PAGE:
December 8, 2014


We are now entering the third week of Advent. Week one, we studied the expectation surrounding the birth of Jesus and the hope he brought into the world, and last week, we explored the preparation we all must intentionally embrace for Christmas to sustain its true meaning. This week, we examine the proclamation of the birth of the Messiah.

The word “proclamation” is defined as “a public or official announcement, especially one dealing with a matter of great importance.” As Christians, the proclamation of Christ’s birth is observed as the most important announcement the world has ever received, however, it will pale in comparison to the sound of the trumpet that will proclaim his return. In this interim period, it is up to believers to proclaim the good news of Jesus’ birth to the nations.

A Christmas Mix – Playlist 3
Monday, December 8 - Sunday, December 14

The Christmas Waltz, Michael W. Smith & Sandi Patty
Feliz Navidad, David Crowder Band
We Wish You a Merry Christmas, John Denver & the Muppets
I Heard the Bells on Christmas Day, Casting Crowns
I Heard the Bells on Christmas Day, Harry Belafonte
For Unto Us a Child is Born, from Handel’s Messiah, Handel & Haydn Society
For Unto Us (A Child is Born), BeBe & CeCe Winans
Gesu Bambino, Mormon Tabernacle Choir
Gesu Bambino, Wayne Watson
Good Christian Men, Rejoice, The King’s Men
Joy to the World, Steve Green
Joy (To the World), Avalon
Sweet Little Jesus Boy, Mahalia Jackson
Go Tell It on the Mountain, Big Daddy Weave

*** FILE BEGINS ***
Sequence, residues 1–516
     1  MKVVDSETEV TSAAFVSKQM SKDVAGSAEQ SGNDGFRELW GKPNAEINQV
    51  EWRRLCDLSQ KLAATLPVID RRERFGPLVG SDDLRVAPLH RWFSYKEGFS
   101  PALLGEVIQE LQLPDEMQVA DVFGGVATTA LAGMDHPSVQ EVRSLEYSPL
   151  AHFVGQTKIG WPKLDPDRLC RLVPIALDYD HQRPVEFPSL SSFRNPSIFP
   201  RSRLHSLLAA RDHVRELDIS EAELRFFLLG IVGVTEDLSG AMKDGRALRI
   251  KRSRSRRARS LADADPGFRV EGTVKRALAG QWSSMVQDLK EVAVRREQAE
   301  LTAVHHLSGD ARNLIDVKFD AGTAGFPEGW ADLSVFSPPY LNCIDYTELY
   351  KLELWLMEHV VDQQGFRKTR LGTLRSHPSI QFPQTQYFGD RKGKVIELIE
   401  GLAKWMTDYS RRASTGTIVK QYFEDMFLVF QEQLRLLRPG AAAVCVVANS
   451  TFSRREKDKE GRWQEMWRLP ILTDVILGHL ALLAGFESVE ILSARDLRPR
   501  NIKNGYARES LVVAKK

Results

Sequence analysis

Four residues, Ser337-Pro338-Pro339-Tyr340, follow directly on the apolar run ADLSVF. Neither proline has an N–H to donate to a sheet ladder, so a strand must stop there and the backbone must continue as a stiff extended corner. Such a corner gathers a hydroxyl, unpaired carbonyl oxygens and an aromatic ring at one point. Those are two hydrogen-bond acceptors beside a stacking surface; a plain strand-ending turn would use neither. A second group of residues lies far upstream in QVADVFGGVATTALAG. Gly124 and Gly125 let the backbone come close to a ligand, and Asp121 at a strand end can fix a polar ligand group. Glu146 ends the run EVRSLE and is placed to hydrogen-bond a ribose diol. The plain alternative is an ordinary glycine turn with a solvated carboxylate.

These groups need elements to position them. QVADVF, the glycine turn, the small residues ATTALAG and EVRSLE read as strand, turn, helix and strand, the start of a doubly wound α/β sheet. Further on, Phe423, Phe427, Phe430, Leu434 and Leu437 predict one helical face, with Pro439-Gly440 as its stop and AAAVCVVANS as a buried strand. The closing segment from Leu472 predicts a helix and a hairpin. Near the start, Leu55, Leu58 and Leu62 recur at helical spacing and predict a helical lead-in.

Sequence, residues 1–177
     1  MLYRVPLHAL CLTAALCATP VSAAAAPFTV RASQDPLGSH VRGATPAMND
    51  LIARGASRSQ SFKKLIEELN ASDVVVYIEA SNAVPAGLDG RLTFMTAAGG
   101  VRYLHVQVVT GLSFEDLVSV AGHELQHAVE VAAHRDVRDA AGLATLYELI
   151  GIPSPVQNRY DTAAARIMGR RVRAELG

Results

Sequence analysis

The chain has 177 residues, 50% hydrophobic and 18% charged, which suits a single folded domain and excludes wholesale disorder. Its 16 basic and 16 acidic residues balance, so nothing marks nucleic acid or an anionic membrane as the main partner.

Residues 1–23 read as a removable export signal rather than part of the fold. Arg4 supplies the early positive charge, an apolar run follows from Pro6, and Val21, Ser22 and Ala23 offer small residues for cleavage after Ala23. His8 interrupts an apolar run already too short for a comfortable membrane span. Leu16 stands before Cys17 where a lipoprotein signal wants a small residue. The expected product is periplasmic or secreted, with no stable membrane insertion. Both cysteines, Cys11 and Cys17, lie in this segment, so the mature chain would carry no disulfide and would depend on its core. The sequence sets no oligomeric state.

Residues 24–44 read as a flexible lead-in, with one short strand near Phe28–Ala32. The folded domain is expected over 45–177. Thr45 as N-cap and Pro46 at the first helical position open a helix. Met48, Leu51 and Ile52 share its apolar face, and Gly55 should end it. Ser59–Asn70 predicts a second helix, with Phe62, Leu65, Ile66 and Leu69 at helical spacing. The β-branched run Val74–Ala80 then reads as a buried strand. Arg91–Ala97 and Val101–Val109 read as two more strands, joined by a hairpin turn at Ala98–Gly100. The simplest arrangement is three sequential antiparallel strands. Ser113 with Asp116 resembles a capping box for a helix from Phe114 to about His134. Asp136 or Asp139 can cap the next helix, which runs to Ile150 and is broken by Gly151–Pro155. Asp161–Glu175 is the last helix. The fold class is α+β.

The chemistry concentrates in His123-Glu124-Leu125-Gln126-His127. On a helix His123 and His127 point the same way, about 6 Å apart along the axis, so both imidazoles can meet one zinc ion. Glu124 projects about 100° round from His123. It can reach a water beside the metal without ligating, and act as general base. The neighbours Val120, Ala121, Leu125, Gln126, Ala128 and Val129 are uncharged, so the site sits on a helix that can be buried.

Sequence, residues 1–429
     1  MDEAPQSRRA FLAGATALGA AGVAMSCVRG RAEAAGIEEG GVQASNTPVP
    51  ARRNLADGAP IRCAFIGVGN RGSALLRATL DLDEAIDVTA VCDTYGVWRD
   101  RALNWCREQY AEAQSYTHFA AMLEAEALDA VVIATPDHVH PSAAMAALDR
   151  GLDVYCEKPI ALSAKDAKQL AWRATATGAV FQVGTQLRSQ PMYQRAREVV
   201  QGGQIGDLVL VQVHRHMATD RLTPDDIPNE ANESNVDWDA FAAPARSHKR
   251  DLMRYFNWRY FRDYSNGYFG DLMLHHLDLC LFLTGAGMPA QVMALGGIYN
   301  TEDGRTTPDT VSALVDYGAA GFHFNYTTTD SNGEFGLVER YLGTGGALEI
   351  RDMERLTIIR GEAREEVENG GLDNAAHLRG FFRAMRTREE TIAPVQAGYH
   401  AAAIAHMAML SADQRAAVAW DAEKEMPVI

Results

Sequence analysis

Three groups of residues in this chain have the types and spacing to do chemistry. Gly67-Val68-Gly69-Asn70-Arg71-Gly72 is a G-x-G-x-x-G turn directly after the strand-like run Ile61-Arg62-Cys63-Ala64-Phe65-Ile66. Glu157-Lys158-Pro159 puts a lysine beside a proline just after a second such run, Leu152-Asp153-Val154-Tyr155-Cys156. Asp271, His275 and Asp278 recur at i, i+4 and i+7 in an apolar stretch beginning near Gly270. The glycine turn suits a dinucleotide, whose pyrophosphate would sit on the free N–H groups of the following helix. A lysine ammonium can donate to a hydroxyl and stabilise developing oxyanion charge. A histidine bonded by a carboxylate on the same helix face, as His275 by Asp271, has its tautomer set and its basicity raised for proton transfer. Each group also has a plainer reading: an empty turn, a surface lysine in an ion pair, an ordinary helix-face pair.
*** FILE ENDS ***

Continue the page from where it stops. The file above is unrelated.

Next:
Go Tell It on the Mountain, Larnelle Harris

Acts 4:13-22What Does “Merry Christmas” Mean?
The Christmas Waltz

The most familiar proclamation of the Christmas season is the phrase, “Merry Christmas!” Sadly, the expression has become as mindless a greeting as “good morning,” and generic as “happy holidays.” An examination of what the phrase means might be helpful.

The word “merry” is defined as “happy, joyful, and light-hearted.” It is this word which launches the cheerful melodies of songs like We Wish You a Merry Christmas and Feliz Navidad. The Christmas Waltz eloquently captures this joy-filled message as it proclaims in three-quarter time:

“It's that time of year, when the world falls in love
Every song you hear seems to say, ‘Merry Christmas!’”

In contrast to the jubilant nature of “merry,” the definition of “Christmas” has a much more serious tone. Originally, it was two words: “Christ’s Mass.” The Catholic denomination refers to their worship services as Mass. The term comes from the final blessing said by the priest in Latin: “Ite missa es,” meaning “to send out to the world to take Christ’s teaching to them.”

When we greet those around us this Christmas season, let us vow to communicate with actions, as well as words, the true message behind the greeting. As ambassadors of Christ, we must follow Peter and John’s example and boldly proclaim what the Holy Spirit is doing in our lives no matter what the cost.

Challenge yourself to make wishing friends and family a “Merry Christmas” a launching pad for a discussion that reveals the hope, peace, joy, and forgiveness we can receive only through Jesus Christ.